[Image: attachment.php?aid=1442]
[Image: attachment.php?aid=1443] 
So, back to the drawing board.  How could I fix this?  Mechanically, the Z-Axis was too wobbly.  The original owner of the printer had installed a single Z-Axis brace on the left rear of the printer.  It helped.  However, the right side fluttered quite remarkably.  So, I added two front side Z-axis braces. I may add a fourth rear brace. However, my drag chain mod is in the way and it would require additional rework of the mount. I figured I would try it without it and see how things worked (see IF it worked.. heheh).

[Image: attachment.php?aid=1444]

Additionally, I found that the Z-axis was not even square. Ugh.  Once that Z-axis was secured and actually perpendicular to the bed.  I set off to adjust my slicer settings to address the violent infill-induced vibrations.  

[Image: attachment.php?aid=1446]

What I did was set up four print regions.  I changed several key aspects of the print as it got taller.
1.  Slow the top speed of the print as the print got taller.  3000, 3000, 2800, 2700 mm/min
2.  For region two, I eliminated tops and bottom infill.  This removed the massive zigzag infill vibrations.
3.  For regions three and four, I reapplied the top and bottom infills, but I lowered the infill underspeed from 80% to 20%.  Additionally, I set the bridging to 150% to accommodate for the lower overall top speed. I did this to hopefully get decent bridging around the top ring of the dome.  Additionally I reduced the bridging flow rate from 100 to 90 percent.  The theory is less plastic, less drooping during the bridge.
4.  For region three, I increased the infill to provide more strength.  Although thinking about it now, I should have added an additional perimeter or two instead 

The resulting predictions showed a 17-hour reduction in print time and 1KG less plastic used!  This is because I was not putting tops and bottoms on what was essentially walls.  Not only did this eliminate the violent rattle for most of the build, it eliminated nearly a kilogram of unnecessary plastic.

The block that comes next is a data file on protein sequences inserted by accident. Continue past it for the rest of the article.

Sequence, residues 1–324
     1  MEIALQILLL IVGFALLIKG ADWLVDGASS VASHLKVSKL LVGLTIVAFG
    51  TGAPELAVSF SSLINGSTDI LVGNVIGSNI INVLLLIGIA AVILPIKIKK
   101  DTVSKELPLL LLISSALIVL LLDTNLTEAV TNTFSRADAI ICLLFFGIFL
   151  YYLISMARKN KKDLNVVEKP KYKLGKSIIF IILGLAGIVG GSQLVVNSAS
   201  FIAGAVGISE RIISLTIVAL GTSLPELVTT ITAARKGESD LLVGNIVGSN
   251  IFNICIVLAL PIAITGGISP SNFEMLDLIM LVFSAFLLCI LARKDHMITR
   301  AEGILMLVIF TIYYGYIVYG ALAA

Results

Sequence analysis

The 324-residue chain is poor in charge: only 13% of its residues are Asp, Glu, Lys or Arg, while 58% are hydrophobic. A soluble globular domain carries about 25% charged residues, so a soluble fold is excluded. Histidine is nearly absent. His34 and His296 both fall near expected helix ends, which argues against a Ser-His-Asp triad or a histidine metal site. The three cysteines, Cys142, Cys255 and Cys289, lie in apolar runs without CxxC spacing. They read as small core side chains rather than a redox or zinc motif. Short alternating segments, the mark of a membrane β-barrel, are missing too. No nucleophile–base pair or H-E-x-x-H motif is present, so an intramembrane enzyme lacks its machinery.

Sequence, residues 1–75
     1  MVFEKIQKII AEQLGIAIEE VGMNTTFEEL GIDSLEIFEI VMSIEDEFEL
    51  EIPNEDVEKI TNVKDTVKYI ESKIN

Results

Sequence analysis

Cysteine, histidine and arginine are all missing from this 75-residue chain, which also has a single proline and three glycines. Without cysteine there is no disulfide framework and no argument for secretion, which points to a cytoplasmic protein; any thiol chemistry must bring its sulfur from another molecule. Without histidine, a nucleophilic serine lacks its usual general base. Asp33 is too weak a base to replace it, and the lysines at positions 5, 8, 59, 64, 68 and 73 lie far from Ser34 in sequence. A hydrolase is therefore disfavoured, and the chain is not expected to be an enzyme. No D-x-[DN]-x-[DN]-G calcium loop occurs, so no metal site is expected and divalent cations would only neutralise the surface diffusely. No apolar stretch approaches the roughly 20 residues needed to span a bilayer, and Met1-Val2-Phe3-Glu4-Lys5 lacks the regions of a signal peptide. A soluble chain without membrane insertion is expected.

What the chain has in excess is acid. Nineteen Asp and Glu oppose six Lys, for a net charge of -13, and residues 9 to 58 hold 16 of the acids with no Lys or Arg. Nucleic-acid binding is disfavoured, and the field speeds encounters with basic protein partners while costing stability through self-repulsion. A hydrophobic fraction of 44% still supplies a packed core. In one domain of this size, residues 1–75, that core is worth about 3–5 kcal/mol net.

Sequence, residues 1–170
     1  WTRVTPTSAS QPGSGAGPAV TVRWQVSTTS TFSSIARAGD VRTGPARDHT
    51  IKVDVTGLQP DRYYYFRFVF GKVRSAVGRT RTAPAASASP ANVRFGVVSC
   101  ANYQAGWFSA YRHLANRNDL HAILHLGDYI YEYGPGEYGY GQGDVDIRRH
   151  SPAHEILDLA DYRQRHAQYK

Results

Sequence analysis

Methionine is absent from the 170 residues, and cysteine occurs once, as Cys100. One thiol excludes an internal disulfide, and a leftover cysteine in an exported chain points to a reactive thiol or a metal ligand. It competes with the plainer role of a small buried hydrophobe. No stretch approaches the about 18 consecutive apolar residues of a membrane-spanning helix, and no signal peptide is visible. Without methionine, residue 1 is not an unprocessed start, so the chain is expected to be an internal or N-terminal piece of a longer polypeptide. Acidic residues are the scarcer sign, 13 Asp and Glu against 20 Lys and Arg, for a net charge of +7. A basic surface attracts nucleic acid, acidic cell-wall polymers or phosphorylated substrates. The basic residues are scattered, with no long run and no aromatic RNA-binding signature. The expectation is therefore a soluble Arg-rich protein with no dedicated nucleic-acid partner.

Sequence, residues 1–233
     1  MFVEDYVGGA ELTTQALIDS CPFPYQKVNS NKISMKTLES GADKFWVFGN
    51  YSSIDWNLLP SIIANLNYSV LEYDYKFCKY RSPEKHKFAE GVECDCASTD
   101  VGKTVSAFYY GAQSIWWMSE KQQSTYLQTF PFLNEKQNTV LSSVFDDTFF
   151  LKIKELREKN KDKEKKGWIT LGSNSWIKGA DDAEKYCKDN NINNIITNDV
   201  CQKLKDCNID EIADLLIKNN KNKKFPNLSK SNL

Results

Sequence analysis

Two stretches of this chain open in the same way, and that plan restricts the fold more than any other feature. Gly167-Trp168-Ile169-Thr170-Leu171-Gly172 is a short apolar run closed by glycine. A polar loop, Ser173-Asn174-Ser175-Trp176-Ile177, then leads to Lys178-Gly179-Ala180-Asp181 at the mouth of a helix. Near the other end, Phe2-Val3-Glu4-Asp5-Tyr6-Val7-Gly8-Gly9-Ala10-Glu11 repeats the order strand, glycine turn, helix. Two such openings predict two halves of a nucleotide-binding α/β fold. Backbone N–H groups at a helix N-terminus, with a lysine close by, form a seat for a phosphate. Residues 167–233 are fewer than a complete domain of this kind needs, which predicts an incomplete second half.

Here are the before and after screen shots of the of Zone 2.  Notice the green tight zigzag solid infill that caused the violent vibrations and was not need for the integrity of the model.  The after shot shows the three interior and exterior perimeters and a nice smooth infill.

BEFORE:

[Image: attachment.php?aid=1447]

AFTER:

[Image: attachment.php?aid=1445]
  

So, I tried to include my Simplify3D factory file to this post, However, this website won't let me as the file is 2.4 MB when compressed to a ZIP file.  If you have a CR10S-500 and want this file here is a link.

Simplify3d 1PrintDome FactoryFile




Hope this helps.

Eebel



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  Painting (Ironman)
Posted by: phul007 - 02-05-2019, 10:09 PM - Forum: phul007 - Replies (2)

I have been busy sanding and more sanding and now its paint time. 

Painted most of the parts some not shown as they are still hanging up and drying.

Only a few things left and then only the helmet and reactors to go before assembly time
[Image: attachment.php?aid=1430]
[Image: attachment.php?aid=1429]



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  Greetings from Baltimore!
Posted by: jcharlton - 02-01-2019, 08:59 PM - Forum: New Members - Replies (4)

Hi, my name is Jason and I'm a 3D printaholic. Smile 

After several months of research, lurking, and more research, I think I'm finally ready to start down the rabbit hole of droid building. Over the past year or so, I've been exposed to 3D printing at my work and have found a bias toward Star Wars-related projects. I have made a cool lightsaber hilt, a quarter-scale R2-D2, and even dabbled in Arduino for the first time in making a thermal detonator complete with lights and sound effects.